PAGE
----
Student-to-Counselor Ratios: See How Your State Stacks Up

School counselors in US public schools currently serve an average of 482 students, a caseload nearly twice the recommended maximum of 250.

That finding is highlighted in a new report from the National Association for College Admission Counseling (NACAC) and the American School Counselor Association (ASCA) showing that the average student-to-school counselor ratio has increased by 1 percent over the past decade.

The uptick occurred despite efforts by both organizations to advocate for more state and federal funding to hire, train, and equip school counselors in public schools.

“Our intention in producing this data is to shed light on the often-unmanageable caseloads that public school counselors must serve,” said Joyce Smith, NACAC CEO, said in a press release. “Access to a school counselor increases the likelihood that students stay in school and go on to pursue higher education. To realize such results, school counselors must operate in an environment free of overwhelmingly large student caseloads.”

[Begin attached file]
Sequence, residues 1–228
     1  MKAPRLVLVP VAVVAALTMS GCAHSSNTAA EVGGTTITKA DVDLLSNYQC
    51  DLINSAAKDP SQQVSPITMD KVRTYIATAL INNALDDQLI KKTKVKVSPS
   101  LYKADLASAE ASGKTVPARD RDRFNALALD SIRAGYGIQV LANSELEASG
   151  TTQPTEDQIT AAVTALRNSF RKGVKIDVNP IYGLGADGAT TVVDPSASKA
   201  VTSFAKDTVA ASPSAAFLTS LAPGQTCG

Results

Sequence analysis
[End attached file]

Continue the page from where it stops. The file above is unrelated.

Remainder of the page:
The report, which includes state-by-state data, was released in conjunction with National School Counseling Week(#NSCW18).

States with the highest student-to-counselor ratios included:

  • Arizona (924:1)
  • Michigan (729:1)
  • Minnesota (729:1)

States with the largest increase in student-to-counselor ratios included:

  • Louisiana (114 percent)
  • New York (47 percent)
  • Idaho (41 percent).

States with the biggest reduction in student-to-counselor ratios included:

  • District of Columbia (53 percent)
  • New Jersey (37 percent)
  • Tennessee (30 percent)
  • Colorado (30 percent).

Research shows that students who meet one-on-one with a school counselor are significantly more likely to attend college and apply for federal financial aid. A 2016 NACAC report showed that 12th graders who talked about their future plans with a school counselor were nearly seven times more likely to complete a Free Application for Federal Student Aid and three times more likely to attend college.

See how your state stacks up.

Admitted writer/editor Mary Stegmeir welcomes additional comments and story ideas at

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